Bang On A Can Plays Straight From The Heart (Literally) : Deceptive Cadence Hear a new piece by Arcade Fire's Richard Reed Parry that pulsates in time to the heartbeats of the musicians who play it.
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02The Brief and Neverending Blur

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Songs We Love: Bang On A Can All-Stars, 'The Brief And Neverending Blur'

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Songs We Love

Songs We Love: Bang On A Can All-Stars, 'The Brief And Neverending Blur'

02The Brief and Neverending Blur

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  • Buy Featured Music

    Song
    The Brief and Neverending Blur
    Album
    More Field Recordings
    Artist
    Bang on a Can All-Stars
    Label
    Cantaloupe
    Released
    2017

    Your purchase helps support NPR programming. How?

On their new album, Bang on a Can All-Stars wear stethoscopes to perform music by Arcade Fire member Richard Reed Parry. Lisa Bauso/Cantaloupe Music hide caption

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Lisa Bauso/Cantaloupe Music

Richard Reed Parry plays to arenas full of fans as a member of the Grammy-winning band Arcade Fire, but he impressed listeners in 2014 with a more intimate record. Parry's Music For Heart And Breath featured compositions that asked some of the best musicians in contemporary classical music to use their own heartbeats and breathing to guide their performances.

That meant ensembles like Kronos Quartet and yMusic wore stethoscopes to keep time. And, since each person's heart beats at its own rate, these crack musicians sounded curiously out of sync with one another as they played Parry's compositions.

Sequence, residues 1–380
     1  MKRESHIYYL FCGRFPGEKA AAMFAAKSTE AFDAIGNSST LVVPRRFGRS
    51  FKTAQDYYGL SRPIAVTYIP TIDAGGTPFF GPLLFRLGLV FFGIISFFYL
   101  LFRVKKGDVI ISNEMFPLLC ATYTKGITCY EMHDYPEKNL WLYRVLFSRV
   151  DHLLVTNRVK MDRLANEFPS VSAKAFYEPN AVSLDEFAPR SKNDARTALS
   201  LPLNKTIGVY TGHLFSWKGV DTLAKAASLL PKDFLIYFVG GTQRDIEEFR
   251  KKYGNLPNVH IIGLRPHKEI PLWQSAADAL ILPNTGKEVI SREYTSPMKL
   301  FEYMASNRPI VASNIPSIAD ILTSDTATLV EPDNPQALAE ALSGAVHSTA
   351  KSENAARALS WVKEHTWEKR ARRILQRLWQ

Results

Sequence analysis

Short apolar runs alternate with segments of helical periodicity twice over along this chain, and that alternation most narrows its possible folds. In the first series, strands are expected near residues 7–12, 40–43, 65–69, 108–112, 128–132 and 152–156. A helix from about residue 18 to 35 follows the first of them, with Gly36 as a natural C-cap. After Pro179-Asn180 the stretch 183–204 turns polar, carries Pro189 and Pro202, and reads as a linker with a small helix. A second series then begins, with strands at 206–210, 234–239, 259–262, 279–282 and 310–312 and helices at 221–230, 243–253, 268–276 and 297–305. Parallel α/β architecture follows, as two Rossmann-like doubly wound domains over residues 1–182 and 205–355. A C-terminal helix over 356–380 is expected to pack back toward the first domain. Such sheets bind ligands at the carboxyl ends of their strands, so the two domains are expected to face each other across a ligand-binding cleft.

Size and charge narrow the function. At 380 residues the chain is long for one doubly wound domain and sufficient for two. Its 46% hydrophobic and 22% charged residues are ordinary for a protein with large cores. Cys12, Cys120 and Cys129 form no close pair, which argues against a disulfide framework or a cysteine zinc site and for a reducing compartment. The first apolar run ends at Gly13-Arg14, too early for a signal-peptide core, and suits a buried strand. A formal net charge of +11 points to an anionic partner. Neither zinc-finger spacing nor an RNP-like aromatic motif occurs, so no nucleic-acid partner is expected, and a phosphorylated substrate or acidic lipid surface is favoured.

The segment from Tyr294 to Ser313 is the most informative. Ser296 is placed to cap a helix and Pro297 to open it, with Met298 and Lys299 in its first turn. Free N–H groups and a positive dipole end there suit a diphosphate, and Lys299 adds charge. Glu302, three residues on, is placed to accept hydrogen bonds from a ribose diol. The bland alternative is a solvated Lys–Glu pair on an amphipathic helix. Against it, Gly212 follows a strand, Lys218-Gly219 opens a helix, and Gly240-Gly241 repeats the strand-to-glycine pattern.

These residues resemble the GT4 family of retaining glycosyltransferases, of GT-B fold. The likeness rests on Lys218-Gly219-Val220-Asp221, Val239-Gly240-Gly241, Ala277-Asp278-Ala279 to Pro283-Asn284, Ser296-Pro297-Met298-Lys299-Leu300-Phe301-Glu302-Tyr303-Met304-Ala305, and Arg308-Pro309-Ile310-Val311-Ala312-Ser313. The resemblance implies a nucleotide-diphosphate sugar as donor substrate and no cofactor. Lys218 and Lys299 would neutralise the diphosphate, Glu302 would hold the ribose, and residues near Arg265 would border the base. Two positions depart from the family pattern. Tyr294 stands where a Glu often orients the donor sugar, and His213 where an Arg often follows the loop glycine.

Parry's "The Brief And Neverending Blur" – a highlight of the new album More Field Recordings from the Bang on a Can All-Stars — explores similar musical turf, with the musicians once again donning stethoscopes. Much of the piece revolves around sustained piano chords, some played by Bang on a Can pianist Vicky Chow, and others prerecorded by Parry in rhythm with his breathing. The chords ring out periodically like chimes in a clock tower and nudge the musicians into action.

Each player navigates the score at his or her own pace. The effect gives some riffs a subtle echo, and turns others into a wash of sound. Percussionist David Cossin binds the music together with gentle pulses that never quite line up with the rest of the ensemble.

The musicians finish each passage on individual schedules. A series of exquisite pauses allow those long piano chords to resurface. The music feels organic and unpredictable — five minutes of fragile sounds and fleeting melodies that blossom into something surprisingly rich.

Purchase Featured Music

Buy Featured Music

Album
More Field Recordings
Artist
Bang on a Can All-Stars
Label
Cantaloupe
Released
2017

Your purchase helps support NPR programming. How?